Lot 93: Lot of 7 items, including a postcard of log cabin, captioned in negative Carrie Nation"s Old log Cabin / Her Oklahoma Home. / Copyrighted 1908 by Dedrick. Reverse addressed to Kate Doneghy, Macon, MO. with pencil note signed Your Devoted Niece Carry. Entire note: My Dear Aunt Your letter to hand while my health is good my arms are too lame to while it is a struggle Dear Aunt to [about 1 1/2 lines partially erased] I live from day to day only He has Said I will never leave thee you forsake Thee but I cannot write often or much Annie & girls are better. The lot also includes a rare group of photos and a 1905 period autobiography. The following photos: CDV of Nation's father, George Moore cabinet photograph of Nation with a hatchet in hand, copyrighted 1901 cabinet photograph of Nation and her (second) husband and four children 2 cabinet card-sized photos on 6 x 8 in. mounts showing Nation in jail praying, each captioned on verso, Carry nation in jail. Taken while in prayer. Accompanied by the autobiography: The Use and Need of the Life of Carry A. Nation. Written by Herself. Topeka: F.M. Steves & Sons, 1905. 8vo, printed paper wraps, 201pp plus 1p ad. Carrie (also spelled Carry) Amelia Moore Nation was born in Gerrard County, KY, in 1846. Because of financial difficulties, the family moved a number of times during her childhood, finally settling in Belton, MO, moving to Kansas City when threatened by Confederate soldiers. While nursing Union soldiers, she met a young physician, Dr. Charles Gloyd. They were married in 1867. The doctor was by all accounts an alcoholic, and one of the reasons Nation became so radical a prohibitionist. They separated about a year after the marriage, and he died in 1869 of alcohol-related issues. She married David Nation in 1874, a minister, journalist, attorney, and nearly two decades her senior. David, also, seems to have been something of an "activist," or troublemaker, depending on one's point of view. They purchased a farm in Texas, but it failed since neither knew much about farming. After some political problems, they moved to Medicine Lodge, KS, where Nation ultimately began her temperance campaign. When her protests and hymns had little effect, she decided to pray for direction. She swore she heard God tell her to "go to Kiowa" and reassured her that he would stand by her. She interpreted this as telling her to take something to smash the bars. She began with rocks, then moved up to her signature hatchet, and expanded her range of towns. Her mother was known to have mental problems her daughter had mental problems. By the end of her life, Nation, also, was institutionalized. She died in the Evergreen Place Hospital in 1911.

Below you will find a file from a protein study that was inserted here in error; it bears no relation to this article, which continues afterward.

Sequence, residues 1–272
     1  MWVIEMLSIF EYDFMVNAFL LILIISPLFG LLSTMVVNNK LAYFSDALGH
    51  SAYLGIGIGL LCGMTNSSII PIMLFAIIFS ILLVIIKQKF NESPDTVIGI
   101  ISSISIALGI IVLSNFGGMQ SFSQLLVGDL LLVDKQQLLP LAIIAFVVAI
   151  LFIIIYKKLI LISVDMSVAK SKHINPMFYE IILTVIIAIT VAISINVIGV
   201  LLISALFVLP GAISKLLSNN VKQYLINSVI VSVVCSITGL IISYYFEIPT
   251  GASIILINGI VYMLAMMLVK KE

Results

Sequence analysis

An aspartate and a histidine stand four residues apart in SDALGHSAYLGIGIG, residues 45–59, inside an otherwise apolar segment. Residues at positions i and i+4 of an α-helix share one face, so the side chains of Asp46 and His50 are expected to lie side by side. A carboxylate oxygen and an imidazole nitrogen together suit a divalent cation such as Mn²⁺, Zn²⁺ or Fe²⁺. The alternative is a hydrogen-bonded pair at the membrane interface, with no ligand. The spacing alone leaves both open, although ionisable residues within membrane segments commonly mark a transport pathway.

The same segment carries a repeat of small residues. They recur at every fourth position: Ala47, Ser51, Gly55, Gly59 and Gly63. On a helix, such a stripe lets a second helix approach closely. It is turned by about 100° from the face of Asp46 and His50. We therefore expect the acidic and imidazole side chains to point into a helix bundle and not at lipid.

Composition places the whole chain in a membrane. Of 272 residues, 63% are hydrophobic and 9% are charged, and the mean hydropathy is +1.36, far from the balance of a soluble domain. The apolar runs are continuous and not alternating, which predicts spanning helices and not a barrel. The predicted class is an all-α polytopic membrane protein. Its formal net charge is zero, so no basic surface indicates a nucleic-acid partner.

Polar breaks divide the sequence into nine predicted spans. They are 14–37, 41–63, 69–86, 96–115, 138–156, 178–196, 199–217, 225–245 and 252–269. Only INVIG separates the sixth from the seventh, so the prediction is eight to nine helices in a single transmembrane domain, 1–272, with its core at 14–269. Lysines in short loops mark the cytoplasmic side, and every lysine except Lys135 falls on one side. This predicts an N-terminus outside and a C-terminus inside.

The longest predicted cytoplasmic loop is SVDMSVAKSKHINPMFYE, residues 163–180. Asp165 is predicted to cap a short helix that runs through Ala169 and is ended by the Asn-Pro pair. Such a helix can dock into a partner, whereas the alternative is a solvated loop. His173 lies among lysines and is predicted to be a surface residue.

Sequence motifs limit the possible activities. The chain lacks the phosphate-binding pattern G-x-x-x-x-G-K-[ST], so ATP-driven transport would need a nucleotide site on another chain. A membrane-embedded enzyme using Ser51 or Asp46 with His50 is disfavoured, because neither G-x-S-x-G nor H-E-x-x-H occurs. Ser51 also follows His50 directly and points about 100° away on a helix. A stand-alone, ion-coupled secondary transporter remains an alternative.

Oak Auctions' Rare Autograph and Manuscript Auction
Thursday, 19th November 2015
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